capsule review

Logitech Pure-Fi Elite

At a Glance
  • Logitech Pure-Fi Elite

    Macworld Rating

When we reviewed Logitech's $300 AudioStation back in June 2007, it impressed us with its sound quality, design, and features; it quickly became one of our favorite iPod speaker systems, and it earned one of our 2007 Plays Of The Year awards. Logitech has since replaced the AudioStation with the $300 Pure-Fi Elite, a system that picks up where the AudioStation left off, differing only slightly in appearance and including several minor feature changes. Because the systems are so similar, I recommend reading our AudioStation review for detailed information. In this review, I focus on the differences.

Almost exactly the same size and shape as the AudioStation, the Pure-Fi Elite's most-obvious differences are physical. Instead of fabric speaker covers, the Elite protects its speaker drivers behind black-metal mesh grilles. (Like those on the AudioStation, the Elite's grilles can be removed for a different look.) Although the Universal-style iPod-dock and LCD display are essentially identical to those on its predecessor, the Elite's controls, just below the screen, are tactile buttons that I found to be more-responsive and easier to use than the touch-sensitive versions on the AudioStation.

The Elite offers the same features, options, and controls as the AudioStation, including an AM/FM tuner, a digital clock, bass and treble adjustments, variable screen brightness, and sleep mode. It's also missing the same features; for example, an alarm--an omission that's no less puzzling today than it was on the AudioStation a year ago.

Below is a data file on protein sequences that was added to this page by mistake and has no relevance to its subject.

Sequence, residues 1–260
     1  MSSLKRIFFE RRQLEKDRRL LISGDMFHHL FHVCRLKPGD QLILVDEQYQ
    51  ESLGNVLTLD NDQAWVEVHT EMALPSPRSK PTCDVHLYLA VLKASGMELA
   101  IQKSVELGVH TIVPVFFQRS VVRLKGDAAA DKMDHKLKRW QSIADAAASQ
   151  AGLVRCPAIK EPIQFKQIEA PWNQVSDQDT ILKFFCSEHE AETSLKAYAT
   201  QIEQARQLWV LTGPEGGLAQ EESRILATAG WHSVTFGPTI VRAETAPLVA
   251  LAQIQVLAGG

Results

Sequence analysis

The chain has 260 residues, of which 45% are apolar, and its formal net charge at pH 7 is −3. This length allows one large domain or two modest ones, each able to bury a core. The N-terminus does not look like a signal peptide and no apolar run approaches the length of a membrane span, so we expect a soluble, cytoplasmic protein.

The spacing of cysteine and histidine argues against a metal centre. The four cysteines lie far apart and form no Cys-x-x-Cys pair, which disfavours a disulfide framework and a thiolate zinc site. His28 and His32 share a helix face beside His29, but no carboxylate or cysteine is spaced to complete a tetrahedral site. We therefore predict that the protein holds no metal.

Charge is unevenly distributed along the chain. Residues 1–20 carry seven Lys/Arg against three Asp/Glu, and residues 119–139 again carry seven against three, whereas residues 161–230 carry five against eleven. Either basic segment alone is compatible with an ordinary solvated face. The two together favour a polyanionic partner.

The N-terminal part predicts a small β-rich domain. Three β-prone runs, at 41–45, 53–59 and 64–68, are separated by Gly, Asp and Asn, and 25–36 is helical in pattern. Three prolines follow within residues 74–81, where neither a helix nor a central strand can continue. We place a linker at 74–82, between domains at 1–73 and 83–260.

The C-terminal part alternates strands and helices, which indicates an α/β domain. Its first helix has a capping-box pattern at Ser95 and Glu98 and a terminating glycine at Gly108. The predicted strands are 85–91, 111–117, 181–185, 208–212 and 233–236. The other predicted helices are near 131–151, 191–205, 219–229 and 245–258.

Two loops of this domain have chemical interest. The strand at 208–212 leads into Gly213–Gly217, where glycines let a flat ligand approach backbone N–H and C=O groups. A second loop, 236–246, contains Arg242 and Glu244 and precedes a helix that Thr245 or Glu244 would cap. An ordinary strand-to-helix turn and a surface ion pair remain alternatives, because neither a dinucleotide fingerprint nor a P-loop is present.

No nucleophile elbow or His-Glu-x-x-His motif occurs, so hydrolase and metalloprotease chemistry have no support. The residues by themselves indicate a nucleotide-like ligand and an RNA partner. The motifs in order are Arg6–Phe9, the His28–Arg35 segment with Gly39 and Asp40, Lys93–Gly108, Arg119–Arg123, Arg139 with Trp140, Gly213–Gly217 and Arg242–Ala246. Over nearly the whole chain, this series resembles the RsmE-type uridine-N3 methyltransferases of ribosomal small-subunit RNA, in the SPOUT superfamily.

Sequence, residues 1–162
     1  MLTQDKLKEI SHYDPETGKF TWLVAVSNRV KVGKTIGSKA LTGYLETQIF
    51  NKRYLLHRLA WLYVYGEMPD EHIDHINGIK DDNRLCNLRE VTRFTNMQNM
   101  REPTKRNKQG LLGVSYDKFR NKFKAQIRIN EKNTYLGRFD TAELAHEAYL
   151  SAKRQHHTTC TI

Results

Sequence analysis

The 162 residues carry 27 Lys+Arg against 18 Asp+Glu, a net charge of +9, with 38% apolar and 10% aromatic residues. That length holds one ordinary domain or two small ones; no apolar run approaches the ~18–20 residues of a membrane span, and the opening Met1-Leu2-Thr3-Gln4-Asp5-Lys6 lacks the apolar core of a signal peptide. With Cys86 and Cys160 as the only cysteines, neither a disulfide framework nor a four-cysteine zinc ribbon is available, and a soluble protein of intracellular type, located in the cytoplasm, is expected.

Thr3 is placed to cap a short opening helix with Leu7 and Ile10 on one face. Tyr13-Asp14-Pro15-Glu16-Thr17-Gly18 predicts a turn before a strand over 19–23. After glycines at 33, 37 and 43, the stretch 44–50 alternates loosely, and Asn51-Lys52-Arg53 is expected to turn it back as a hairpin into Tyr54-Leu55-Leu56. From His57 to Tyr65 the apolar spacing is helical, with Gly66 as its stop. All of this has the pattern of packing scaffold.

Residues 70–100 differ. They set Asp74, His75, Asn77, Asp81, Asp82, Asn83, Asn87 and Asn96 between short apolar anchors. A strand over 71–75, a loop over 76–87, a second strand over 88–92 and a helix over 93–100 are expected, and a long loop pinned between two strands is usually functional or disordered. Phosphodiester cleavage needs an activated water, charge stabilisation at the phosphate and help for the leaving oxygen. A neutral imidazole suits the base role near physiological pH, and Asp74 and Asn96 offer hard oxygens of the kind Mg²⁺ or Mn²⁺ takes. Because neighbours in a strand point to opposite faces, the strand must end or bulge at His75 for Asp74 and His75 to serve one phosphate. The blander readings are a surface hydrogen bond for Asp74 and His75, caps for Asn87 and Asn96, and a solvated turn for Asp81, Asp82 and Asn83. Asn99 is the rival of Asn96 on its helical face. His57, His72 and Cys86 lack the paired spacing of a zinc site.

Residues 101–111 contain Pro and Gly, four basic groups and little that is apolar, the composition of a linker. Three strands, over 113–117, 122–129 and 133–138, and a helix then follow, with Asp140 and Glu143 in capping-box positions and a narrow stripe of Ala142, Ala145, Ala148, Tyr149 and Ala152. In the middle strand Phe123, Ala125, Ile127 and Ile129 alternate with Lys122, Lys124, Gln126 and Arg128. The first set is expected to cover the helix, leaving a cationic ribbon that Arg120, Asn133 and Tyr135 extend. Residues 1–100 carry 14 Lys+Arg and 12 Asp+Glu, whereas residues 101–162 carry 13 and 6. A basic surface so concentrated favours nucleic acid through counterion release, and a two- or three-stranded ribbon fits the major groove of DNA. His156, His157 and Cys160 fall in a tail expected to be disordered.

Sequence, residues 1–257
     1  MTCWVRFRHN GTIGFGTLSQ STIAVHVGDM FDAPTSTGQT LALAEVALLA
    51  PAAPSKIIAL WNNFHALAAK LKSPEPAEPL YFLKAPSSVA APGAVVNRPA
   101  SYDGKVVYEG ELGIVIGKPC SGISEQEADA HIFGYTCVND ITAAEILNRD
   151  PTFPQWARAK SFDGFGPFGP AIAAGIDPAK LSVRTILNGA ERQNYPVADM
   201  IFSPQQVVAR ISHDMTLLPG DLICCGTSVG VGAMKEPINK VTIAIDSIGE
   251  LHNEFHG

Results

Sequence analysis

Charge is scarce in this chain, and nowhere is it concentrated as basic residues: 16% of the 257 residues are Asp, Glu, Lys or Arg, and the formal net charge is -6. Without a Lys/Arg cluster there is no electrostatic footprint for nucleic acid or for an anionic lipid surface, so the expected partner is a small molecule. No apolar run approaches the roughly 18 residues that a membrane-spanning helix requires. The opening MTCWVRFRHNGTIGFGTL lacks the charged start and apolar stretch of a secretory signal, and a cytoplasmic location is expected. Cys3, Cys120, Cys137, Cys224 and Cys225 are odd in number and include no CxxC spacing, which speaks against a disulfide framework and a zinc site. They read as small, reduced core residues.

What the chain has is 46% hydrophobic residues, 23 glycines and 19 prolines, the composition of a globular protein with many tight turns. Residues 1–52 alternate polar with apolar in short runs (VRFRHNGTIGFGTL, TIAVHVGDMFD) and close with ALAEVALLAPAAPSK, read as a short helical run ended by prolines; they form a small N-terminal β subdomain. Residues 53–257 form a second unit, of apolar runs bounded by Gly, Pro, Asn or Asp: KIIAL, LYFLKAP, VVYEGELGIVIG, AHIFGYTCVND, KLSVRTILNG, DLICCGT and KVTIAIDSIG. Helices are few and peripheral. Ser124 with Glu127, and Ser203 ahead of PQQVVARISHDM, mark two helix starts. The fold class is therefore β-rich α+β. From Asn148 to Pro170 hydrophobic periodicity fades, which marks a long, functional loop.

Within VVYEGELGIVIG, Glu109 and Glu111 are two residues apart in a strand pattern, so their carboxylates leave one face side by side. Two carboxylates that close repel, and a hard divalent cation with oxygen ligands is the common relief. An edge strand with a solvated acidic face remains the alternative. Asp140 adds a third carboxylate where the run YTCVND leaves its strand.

Perhaps the biggest functional change from the AudioStation is the Elite's remote control, which is far superior to the previous version. The overall design, with its curved edges and sculpted shape, feels better in the hand; the buttons provide better tactile response and are arranged more logically; you get new Shuffle and Repeat buttons, along with six preset buttons for radio stations and iPod playlists; and all buttons are amber-backlit for better visibility. The only step backwards is that the new remote is missing a Mute button. The Elite also includes a plastic remote holder that attaches to the back of the system. It's very basic--just a plastic cup with some foam padding inside--but it's a convenient place to store the remote control when not in use.

Here in the San Francisco Bay Area, AM/FM performance was comparable between the two units. The AudioStation was able to receive some stations a bit more clearly; the Elite received others slightly better.

Similarly, sound quality was nearly identical between the AudioStation and Pure-Fi Elite. With bass, treble, and volume set at equivalent levels, I was able to hear minor differences here and there, but none were significant enough to make me recommend one system over the other, nor would I have been likely to notice those differences if I hadn't been testing the two systems side-by-side. Or, to put it another way, the differences between the two are much smaller than the differences between either of the two and a competing speaker system.

What this all means is that the Pure-Fi Elite has earned the same high rating as its predecessor. Even better, while both systems carry the same $300 MSRP, the newer Pure-Fi Elite regularly sells at street prices of $150, and we've even seen it for under $100--a simply amazing deal for one of the best desktop iPod speaker systems out there.

(Although the Pure-Fi Elite isn't officially compatible with the iPhone, I found it to work well, exhibiting only minor GSM interference when used with the original iPhone, or with the iPhone 3G in 2G/EDGE mode.)
--Dan Frakes

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At a Glance
  • Logitech Pure-Fi Elite

    Macworld Rating
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